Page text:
If you can break away from the traditional in-car audio setup, where designers have to place speakers in the dashboard and doors, you could give every person in the car a bespoke sound experience.
That's the thinking behind Clarion's speakerless audio system, which can use almost any material in the car's interior as an emitter.
"Car design is quite limited by all the equipment we needed to have in the past," Sébastien Brame, senior manager of PR and communications at Clarion, tells TechRadar.
"We used to have the car radio, which was in a specific place inside the cockpit on the dashboard, everything was fixed. Similarly, doors were equipped with speakers, and nobody could imagine that the space should be organized differently."
That's particularly true with autonomous vehicles. Cars no longer have to be designed around the driver, so it makes sense to democratize in-car audio and give everyone an equally good experience.
The absence of speakers also makes non-traditional interior designs more practical. If you want to create a pod with passengers sitting around a central table, for example, the ability to emit sound from walls and head restraints is a great advantage.
"We are moving to cars which are much more oriented to autonomous driving, which means that we can have the seat placed differently, [with your] face to the road, or back to the road, or the side," says Brame.
"Everything is moving, so this gives additional space and additional freedom to the design. To me, it’s really one big step ahead that is given to the car manufacturer to imagine new solutions and new services."
How it works
The system receives a signal from the car's stereo, and the dashboard itself serves as the diaphragm of a speaker, vibrating to produce sound.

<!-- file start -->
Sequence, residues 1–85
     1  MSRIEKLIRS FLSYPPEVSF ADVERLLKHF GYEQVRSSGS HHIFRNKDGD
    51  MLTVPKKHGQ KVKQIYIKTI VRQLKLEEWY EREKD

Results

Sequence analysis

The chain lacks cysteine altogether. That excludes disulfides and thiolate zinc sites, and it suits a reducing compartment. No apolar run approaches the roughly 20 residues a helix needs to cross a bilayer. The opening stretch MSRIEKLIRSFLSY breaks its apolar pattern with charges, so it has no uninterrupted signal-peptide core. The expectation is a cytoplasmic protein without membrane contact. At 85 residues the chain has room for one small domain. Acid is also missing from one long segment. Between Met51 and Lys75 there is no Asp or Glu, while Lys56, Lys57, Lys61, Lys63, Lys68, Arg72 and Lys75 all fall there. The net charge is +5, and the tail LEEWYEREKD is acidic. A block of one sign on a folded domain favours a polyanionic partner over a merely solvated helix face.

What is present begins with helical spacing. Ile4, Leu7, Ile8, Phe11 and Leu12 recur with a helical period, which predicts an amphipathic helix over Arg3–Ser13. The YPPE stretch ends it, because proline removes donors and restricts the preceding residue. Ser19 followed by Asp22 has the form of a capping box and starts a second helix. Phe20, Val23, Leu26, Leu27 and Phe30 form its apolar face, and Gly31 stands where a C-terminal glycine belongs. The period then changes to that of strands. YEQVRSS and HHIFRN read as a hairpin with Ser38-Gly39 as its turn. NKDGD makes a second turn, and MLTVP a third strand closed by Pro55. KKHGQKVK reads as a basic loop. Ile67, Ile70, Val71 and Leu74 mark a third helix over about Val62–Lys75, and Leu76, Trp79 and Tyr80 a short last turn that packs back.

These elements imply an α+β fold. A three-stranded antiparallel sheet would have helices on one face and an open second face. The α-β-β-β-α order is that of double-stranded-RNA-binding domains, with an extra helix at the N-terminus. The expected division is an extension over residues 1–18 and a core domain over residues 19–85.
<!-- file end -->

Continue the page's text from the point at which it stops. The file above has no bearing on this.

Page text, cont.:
Meanwhile, the system behind the rear-view mirror directs air towards the windscreen, effectively creating a virtual subwoofer.
"A speaker is nothing else than something which is moving at a high frequency, and the frequency makes the noise," Brame explains.
"What was interesting to consider is if the basic physics will be applied differently, considering that nearly any material can [vibrate], and in the end, because of contact with the air, become sound.
"The only difficulty was to control and master this – the way those different materials can [move and shake], so that we can build a new era of speakers."
Not all materials vibrate in the same way, so it's necessary for Clarion's engineers to have a full understanding of how the car is made, and which materials it uses.
Once it has that information, setup is surprisingly simple, and can be fitted by a subcontractor. Brame notes that the speakerless sound also requires fewer wires than a conventional speaker system, making it less hassle to install.
The next wave
Clarion's speakerless sound is currently still at the prototyping stage, but Brame says reception from industry experts has been positive after demonstrations at shows in Toyko and Geneva.
"First, they were very polite, nothing more, but when they tried it [...] they were quite amazed by the quality of the sound, which was completely above what they were expecting," he says.
"Then, they could understand and imagine how it could be personalized, because we have sound coming from the whole car, including the headrests, we can create the optimum sound quality for each passenger. Not just one sound, but four sounds. It provides something new, definitely."
Clarion can't give any more details of when we'll see the system in production cars, but expects the kits to be ready for manufacturers in the coming months.
Many automakers, including Audi and BMW, expect in-car entertainment to be increasingly important when we no longer have to worry about keeping our hands on the wheel and eyes on the road.
An audio system that breaks away from the traditional driver-focused setup could be the perfect solution.